Rating: 5 / 5
Ok, I'll admit that I'm posting this review just to see what it does to my BPL rating. Oh the vanity!
I bought this bag sight unseen, based largely on Western Mountaineering’s reputation within the backpacking community. I'm sure this isn't uncommon as there aren't many retailers that stock WM's products. Also considered at the time of purchase were the Feathered Friends Hummingbird, Marmot Helium, and Moonstone Lucid, and a few others. All were around the same price so when I settled on the Ultralight it was because I felt it offered the best set of features of all the bags I researched and was made in the USA to boot. The bag comes with a large cotton storage sack and a 7x13 nylon stuff sack.
I've since spent about a dozen nights in the bag, my wife an additional 4-5. Temperatures have ranged from 60 degrees F down close to the bag's suggested limit of 20 degrees F. Conditions have ranged from clear and dry to humidity so high that thick fog didn't lift all night.
Materials and Construction: My first impression of the bag was that it is very well constructed. I have no reason to believe I will form a different opinion over the years that I will own the bag. All of the stitching is impeccable. The materials are well selected. The shell fabric is thin and, while it beads water very well (I never have to worry about condensation or the occasional spill), it does allow strong wind gusts to penetrate the bag. I can compensate for this with my shelter, however. Overall, the Ultralight might be the best engineered piece of outdoor equipment I own. The only quality issue I've had was when the stuff sack's draw cord became fouled in its plastic barrel lock. A sharp burr on the lock caused the woven cord to fray. WM immediately shipped me a new stuff sack at their expense.
Fit: I bought the medium, sized for those up to 6' tall. The Ultralight is cut slim to save weight. It's the slimmest cut mummy bag I've ever used but I like the tighter fit as it gives me an extra little feeling of security. I'm 6' even and 200 lbs with fairly broad shoulders. If I were any larger in girth, I would probably have gone with WM's Alpinlight which is essentially the same bag, cut slightly bigger. As it is I have just enough room to wear my Patagonia Micropuff in the bag without compromising the jacket's loft. My wife at 5’8” and, ahem, average weight, fits in the bag comfortably without too much extra room to warm up.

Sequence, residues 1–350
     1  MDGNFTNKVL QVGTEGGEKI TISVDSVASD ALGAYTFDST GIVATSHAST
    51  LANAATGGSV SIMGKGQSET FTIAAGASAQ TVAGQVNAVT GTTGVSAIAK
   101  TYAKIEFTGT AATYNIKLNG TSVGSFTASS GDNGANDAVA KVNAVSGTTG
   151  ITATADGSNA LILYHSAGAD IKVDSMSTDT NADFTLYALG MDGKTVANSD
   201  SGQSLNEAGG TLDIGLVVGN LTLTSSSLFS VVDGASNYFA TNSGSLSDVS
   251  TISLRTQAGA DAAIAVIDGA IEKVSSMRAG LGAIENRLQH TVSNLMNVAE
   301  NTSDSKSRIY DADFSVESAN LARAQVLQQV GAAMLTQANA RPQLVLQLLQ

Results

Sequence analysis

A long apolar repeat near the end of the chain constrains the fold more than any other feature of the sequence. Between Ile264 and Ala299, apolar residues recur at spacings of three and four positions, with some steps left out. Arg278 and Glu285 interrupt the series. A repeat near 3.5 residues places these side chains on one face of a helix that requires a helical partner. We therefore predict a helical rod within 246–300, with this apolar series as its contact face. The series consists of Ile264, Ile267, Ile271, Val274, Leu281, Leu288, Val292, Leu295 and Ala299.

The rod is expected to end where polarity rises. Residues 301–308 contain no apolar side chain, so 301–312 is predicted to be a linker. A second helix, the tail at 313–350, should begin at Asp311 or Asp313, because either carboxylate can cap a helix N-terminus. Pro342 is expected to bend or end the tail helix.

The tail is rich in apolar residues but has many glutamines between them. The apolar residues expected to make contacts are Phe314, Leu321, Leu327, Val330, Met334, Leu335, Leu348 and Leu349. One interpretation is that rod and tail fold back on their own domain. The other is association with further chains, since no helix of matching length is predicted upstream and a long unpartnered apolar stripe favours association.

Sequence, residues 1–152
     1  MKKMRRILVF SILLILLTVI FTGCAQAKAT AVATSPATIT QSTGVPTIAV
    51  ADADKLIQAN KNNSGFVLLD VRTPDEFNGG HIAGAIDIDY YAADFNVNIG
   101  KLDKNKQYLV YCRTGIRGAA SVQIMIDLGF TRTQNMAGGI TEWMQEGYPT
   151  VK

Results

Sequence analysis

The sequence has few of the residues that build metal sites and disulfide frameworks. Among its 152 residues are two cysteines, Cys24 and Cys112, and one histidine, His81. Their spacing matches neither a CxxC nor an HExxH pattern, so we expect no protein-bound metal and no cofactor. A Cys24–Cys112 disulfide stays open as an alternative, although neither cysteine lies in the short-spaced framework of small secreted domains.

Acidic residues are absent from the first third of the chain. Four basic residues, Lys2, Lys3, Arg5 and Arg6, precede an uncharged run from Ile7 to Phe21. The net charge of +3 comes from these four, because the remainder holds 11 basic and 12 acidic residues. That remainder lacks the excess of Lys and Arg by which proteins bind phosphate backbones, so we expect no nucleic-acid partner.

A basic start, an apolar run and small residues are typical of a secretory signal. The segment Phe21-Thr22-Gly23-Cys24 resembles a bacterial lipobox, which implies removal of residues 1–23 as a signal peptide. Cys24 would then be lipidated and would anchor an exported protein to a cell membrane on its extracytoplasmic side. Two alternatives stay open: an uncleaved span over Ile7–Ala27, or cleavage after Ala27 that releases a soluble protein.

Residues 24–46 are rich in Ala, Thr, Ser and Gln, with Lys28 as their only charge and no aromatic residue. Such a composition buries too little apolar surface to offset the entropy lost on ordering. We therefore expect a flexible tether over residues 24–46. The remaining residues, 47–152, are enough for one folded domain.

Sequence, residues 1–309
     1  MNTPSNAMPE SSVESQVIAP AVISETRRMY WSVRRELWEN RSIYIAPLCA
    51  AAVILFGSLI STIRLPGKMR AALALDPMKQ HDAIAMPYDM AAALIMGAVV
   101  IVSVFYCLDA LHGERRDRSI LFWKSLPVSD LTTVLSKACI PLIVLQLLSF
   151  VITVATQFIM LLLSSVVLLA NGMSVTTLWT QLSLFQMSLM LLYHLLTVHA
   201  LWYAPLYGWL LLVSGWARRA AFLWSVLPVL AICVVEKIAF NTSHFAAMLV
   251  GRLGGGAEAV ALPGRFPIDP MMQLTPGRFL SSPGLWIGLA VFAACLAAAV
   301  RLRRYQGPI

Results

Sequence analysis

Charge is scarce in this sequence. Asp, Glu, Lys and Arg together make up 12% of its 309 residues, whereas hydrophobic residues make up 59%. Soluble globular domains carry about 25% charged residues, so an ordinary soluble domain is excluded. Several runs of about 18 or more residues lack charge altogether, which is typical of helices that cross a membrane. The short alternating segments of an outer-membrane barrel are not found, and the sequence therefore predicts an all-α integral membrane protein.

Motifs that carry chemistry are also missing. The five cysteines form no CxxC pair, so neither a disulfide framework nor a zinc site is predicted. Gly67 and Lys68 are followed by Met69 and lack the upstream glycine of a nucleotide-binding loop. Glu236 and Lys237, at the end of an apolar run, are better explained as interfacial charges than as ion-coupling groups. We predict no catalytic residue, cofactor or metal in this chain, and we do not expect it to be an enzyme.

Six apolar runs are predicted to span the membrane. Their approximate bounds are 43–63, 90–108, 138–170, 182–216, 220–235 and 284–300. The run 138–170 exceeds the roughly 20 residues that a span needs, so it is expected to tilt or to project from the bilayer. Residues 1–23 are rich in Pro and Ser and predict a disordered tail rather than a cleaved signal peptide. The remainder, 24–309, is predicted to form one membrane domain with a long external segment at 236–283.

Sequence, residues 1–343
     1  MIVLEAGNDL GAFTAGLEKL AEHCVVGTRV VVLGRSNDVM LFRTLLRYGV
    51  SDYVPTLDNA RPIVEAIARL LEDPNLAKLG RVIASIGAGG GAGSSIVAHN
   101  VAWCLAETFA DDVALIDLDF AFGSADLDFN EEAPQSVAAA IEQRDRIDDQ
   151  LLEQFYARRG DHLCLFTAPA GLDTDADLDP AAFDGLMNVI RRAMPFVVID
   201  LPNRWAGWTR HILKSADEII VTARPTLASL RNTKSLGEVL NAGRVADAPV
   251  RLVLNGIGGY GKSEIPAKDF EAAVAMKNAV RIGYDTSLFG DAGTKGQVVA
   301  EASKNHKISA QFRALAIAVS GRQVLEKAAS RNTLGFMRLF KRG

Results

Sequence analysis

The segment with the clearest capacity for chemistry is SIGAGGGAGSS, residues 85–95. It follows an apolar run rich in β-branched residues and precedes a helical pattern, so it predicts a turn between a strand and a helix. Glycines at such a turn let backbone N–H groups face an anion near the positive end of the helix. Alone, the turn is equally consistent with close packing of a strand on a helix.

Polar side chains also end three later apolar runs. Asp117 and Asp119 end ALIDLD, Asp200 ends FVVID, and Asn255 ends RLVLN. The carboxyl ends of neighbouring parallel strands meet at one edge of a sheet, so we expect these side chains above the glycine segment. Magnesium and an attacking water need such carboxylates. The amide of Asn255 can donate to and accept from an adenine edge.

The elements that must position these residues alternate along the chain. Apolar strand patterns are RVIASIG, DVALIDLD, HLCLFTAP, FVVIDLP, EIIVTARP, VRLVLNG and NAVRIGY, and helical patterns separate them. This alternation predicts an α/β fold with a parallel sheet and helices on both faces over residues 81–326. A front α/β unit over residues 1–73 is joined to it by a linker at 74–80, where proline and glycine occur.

Weight and Packed Size: Tips my scales at 26.5 ounces, just 0.5 ounces heavier than advertised by WM. I hope that additional half-ounce is extra down filling! The stuff sack weighs 1.8 ounces. I have never compressed the bag smaller than the provided stuff sack but I have no doubt it would fit into a sack smaller by several inches in each dimension without much effort required.
Loft: Tricky to measure consistently but close enough to the 5 inches advertised to make me happy.
Features: Western Mountaineering calls the bag the Ultralight 'Super' in reference to the full 'super' draft collar. This down filled tube lines the top opening of the bag and securing a small velcro tab connects the tube’s two ends, sealing the bag from the neck down. The draft collar can be cinched tight via a thin elastic cord threaded around the collar. This feature does a great job of extending the bag's temp rating as there is no 'bellows effect' of warm air escaping as you move inside the bag. A real plus! The bag has a full length, two-way zipper (making foot venting easy) accompanied by a draft tube. I'll go ahead and declare the zipper snag-proof. I tried purposely to snag it and, due to a generous strip of stiffening tape lining the zipper, I couldn't get it to catch the bag's fabric. It's by far the best zipper on any bag I've used. When fully zipped, the zipper pull can be covered with a small velcro patch but I've never observed the zipper to move during the night. The bag's full hood also has the usual draw cord closure. Both this and the drawstring included in the draft collar are well-placed and easy to operate in the dark. The Ultralight is continuously baffled which makes it easy to shift the down around as needed. In warmer conditions, the full length zipper makes it possible to use the bag as a quilt.
Performance: This is where the bag shines. I've never had the bag below 20 degrees F but I have no doubt that the Ultralight would be sufficient into the teens and colder with some additional clothing. In temps down to 30 degrees I wear no more than thin tights and short-sleeved shirt and have never been cold. Only when temps drop into the 20's have I added a hat or long-sleeved shirt. As stated previously, I'm sure the addition of gloves, heavier baselayer, and an insulating vest or jacket would get me down into single digits tolerably. My wife, predictably, places the comfort rating about 5-10 degrees higher than I do.
Dislikes: My only gripe about the Ultralight is the hood. It's a bit shallow and could use some minor redesign. I feel it fits awkwardly across my face when fully cinched. I'd gladly suffer the weight penalty to have a down-filled face muff similar to the one on Marmot's 800+ FP down bags. The hood is warm but I don't feel the design is up to the extraordinarily high standard of the rest of the bag.
Summary: I love it. My favorite piece of gear. Since I can't quite bring myself to make the jump to quilts, I feel the Ultralight Super offers me the best set of features in a dependable, super-lightweight package. With Western Mountaineering's reputation for quality and durability, I know I will be using this bag for many years. I have difficulty finding anything other than minor nitpicks with the bag as a whole. The one exception is the hood design, which might make me select a rating of 4.5, were I given the option by BPL.